Scrambling Memory

There are many problems dealing with pointers in C. One source of bugs is dereferencing a pointer that has been freed.

These bugs are quite difficult to debug. The program will continue to work for some time, with the freed region being read and written to normally. Then, that region will be allocated, and overwritten. A very large number of instructions can elapse the point memory is freed and the point the program crashes.

Further, the change that triggers the bug is usually caused by changing the memory allocation pattern. This means that the last change could be completely unrelated to either the point the memory was freed, or to where the program crashes.

In fact, in some environments, the act of running the program under the debugger can disturb allocation enough to allow the program to run correctly.

To make this class of bugs easier to isolate, scramble the memory as soon as it is freed. Thus:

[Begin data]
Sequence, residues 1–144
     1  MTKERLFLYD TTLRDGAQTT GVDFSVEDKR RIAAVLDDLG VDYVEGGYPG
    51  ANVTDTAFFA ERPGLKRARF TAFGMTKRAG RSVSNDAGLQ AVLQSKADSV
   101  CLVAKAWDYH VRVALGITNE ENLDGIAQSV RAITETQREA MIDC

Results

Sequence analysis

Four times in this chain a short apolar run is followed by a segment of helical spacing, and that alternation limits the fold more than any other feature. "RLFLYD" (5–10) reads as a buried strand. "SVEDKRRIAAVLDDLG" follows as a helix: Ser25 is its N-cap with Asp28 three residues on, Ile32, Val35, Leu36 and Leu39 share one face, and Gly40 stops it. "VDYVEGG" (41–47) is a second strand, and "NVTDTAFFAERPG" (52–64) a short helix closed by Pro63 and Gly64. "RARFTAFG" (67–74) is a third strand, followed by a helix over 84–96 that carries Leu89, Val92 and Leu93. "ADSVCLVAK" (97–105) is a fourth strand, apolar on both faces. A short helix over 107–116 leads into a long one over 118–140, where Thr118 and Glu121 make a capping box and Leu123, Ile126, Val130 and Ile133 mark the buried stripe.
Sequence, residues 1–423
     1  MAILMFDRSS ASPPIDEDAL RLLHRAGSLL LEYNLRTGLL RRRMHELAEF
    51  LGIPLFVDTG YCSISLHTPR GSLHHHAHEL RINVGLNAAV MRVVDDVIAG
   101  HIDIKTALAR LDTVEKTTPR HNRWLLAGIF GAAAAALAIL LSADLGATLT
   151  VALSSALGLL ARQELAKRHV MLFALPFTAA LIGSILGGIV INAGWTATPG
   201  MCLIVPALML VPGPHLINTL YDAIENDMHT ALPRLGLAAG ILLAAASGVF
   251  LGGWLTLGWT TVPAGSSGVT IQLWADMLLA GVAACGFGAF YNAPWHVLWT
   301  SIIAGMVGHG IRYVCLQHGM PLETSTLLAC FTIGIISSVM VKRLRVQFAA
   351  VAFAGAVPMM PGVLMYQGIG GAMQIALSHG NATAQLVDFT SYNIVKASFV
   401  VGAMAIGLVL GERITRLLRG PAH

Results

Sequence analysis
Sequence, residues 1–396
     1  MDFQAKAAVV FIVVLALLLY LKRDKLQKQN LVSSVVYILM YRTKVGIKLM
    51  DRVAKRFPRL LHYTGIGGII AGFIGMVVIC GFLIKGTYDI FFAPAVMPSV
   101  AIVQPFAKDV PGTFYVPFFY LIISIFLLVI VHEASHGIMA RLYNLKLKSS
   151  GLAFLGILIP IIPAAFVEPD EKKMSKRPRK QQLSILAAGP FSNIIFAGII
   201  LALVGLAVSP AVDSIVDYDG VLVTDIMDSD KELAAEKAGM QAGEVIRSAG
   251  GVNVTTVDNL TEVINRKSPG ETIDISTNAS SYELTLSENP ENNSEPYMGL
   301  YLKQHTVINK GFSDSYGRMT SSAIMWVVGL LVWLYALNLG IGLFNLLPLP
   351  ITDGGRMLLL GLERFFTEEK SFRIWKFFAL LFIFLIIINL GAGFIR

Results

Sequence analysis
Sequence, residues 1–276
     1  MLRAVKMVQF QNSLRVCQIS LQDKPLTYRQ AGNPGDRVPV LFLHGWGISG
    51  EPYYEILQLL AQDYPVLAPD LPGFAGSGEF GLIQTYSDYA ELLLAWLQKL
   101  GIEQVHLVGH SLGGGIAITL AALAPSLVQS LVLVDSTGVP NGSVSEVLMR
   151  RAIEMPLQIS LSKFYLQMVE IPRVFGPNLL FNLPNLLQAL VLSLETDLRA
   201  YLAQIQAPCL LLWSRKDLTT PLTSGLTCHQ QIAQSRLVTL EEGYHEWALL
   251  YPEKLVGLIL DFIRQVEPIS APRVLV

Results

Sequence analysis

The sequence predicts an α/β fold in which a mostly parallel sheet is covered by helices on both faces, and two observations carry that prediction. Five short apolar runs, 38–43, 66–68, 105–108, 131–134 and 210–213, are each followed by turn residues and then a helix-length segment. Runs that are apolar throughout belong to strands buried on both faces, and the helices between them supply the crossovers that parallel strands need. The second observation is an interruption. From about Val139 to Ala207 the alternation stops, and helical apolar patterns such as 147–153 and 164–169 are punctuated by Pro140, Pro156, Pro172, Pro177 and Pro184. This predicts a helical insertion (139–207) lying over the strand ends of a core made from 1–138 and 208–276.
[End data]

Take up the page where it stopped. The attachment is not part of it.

#define xfree(_t, _p)	\
	  	( memset((_p), SCRAMBLE_VALUE_XFREE, sizeof(_t)), \
	#define xnfree(_t, _n, _p)	\
	  	( memset((_p), SCRAMBLE_VALUE_XFREE, (_n)*sizeof(_t)), \

If SCRAMBLE_XFREE is enabled, before a memory block is freed, we scramble it; basically, write 0xfc to each byte of the memory block. This, in general, makes bugs surface earlier.

Consider the following code sequence:

	/* this calls free(struct int_stack, stack) */
	x = top_int_stack(stack);
	/* this dereferences stack->vals */

Without memory scrambling this code fragment would work. With memory scrambling, stack->vals would be set to 0xfcfcfcfc. When this value is dereferenced, it will cause the program to crash (on most systems).

On your system, pick the SCRAMBLE_VALUE_XFREE value so that:

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